One dark and stormy night, a middle age prison escapee haphazardly breaks into the luxurious mason of a wealthy and privileged family and rapes the young wife in front of her bound husband.... See full summary »
A priest comes to a small town to help get rid of a monster whose blood coagulates very fast. This creates problems as the monster is very hard to kill and then decides to go on a killing spree of its own.
The Burning Moon centers on two bedtime stories that a delinquent brother reads his kid sister. These disturbingly morbid stories focus on a serial killing blind date and a murderous, ... See full summary »
"Subconscious Cruelty" is divided in four segments: Ovarian Eyeball - a naked woman is sliced by a sharp blade and an eyeball is removed from her belly. Human Larvae - a deranged man that ... See full summary »
Two short stories set in Edo during the Shogun era. 1. During a time when Christians are persecuted vehemently, Iori falls in love with young Christian girl. When she and her family are ... See full summary »
Ninety nine percent of the worlds has been destroyed by a bio-chemical war. Technology is obsolete and the soil has been polluted leaving people with barely any food. The survivors try to ... See full summary »
I worked on The Bride of Frank and if memory serves, I was present during the shooting of every scene. Whether or not you like this movie obviously depends on your taste in movies - some love it, some hate it. But please don't expect it to be anything it's not. The people who deride BoF for its production values just don't get it.
The original idea for the project was that Steve Ballot, the writer/director, wanted to shoot a movie that combined the sickest things he could think of, and use the various characters in and around the Newark warehouse where he worked as his actors. The plot, as it was, merely stitched these scenes together. Most of it was shot on weekends. Steve usually sketched out the dialog and storyboarded the scenes on Friday night, then we shot them on Saturday.
We used the best equipment we could get at the time, high-end consumer and low-end professional analog video and audio gear of the early 1990s. It's easy to make a great-looking amateur movie now, with HD and digital editing available to everyone for next-to-nothing, but back then it was almost impossible. Steve spent a lot of time trying to figure out ways to, for example, save one generation of tape in the editing process. That it looks as good as it does is a near-miracle.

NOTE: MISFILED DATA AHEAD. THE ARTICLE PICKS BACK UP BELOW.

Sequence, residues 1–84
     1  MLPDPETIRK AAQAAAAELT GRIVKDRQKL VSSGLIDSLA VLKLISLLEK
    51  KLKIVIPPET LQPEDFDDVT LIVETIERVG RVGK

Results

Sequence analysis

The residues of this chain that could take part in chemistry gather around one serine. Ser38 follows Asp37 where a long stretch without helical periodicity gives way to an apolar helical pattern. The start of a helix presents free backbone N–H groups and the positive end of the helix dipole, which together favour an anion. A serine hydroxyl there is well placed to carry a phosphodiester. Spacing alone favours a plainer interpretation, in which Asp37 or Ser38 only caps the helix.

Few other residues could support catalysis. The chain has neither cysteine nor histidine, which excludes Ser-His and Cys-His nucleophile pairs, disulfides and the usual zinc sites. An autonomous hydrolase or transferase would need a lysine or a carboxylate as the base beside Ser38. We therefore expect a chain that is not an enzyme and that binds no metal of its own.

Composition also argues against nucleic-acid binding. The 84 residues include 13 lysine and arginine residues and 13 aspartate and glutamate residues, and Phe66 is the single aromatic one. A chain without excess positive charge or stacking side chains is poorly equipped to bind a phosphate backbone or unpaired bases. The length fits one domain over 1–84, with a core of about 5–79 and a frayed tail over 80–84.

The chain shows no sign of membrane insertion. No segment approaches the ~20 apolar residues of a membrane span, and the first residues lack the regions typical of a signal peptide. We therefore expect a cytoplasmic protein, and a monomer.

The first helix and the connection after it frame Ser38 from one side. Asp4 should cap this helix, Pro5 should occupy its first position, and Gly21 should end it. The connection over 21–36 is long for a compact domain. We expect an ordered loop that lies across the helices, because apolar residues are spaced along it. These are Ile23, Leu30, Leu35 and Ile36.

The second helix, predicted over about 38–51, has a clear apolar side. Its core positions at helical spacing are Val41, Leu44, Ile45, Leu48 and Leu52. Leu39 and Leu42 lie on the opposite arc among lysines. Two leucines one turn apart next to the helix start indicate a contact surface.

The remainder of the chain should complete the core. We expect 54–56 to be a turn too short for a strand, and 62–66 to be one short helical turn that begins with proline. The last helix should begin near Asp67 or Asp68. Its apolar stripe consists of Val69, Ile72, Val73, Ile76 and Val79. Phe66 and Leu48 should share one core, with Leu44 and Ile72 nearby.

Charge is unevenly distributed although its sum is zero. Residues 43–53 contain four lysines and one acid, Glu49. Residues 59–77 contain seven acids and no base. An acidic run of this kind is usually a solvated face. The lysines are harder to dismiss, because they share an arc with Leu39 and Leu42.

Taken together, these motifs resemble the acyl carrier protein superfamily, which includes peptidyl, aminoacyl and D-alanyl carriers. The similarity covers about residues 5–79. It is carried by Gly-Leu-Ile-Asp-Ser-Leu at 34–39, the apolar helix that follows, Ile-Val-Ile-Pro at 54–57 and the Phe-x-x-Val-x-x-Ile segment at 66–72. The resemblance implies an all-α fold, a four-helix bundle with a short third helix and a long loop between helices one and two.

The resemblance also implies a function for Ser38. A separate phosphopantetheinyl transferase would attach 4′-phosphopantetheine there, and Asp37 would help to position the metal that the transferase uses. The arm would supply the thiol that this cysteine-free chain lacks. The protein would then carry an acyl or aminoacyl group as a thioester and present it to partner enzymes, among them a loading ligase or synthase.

Those who see this as some sort of sad exploitation of Frank are dead wrong. I can promise you that Frank had a fantastic time making BoF. He used to spend his weekends sitting alone in the warehouse watching TV (exactly as depicted in the movie). Shooting BoF got him out on the weekends, gave him a lot more social contact than he was used to, put a lot of great food in his stomach (Steve paid the actors mostly in good lunches), gave him the chance to touch women's breasts and asses, and gave him the chance to be revered and loved for exactly who he is.
Trash BoF all you want, but this cheap little movie was released in the U.S. and eight other countries. It played at festivals in NYC, Chicago, San Francisco, Italy, Switzerland, and England - and those are just the ones we know about. Frank came along for most of these, and after the movie screened people would go up to him and greet him like he was Clint Eastwood.
Sadly, many of the people involved in BoF have passed on, including the director. If I may speak for him, let me say to all his detractors ... well, nothing he would have to say to you would be printable. And it would all be correct.
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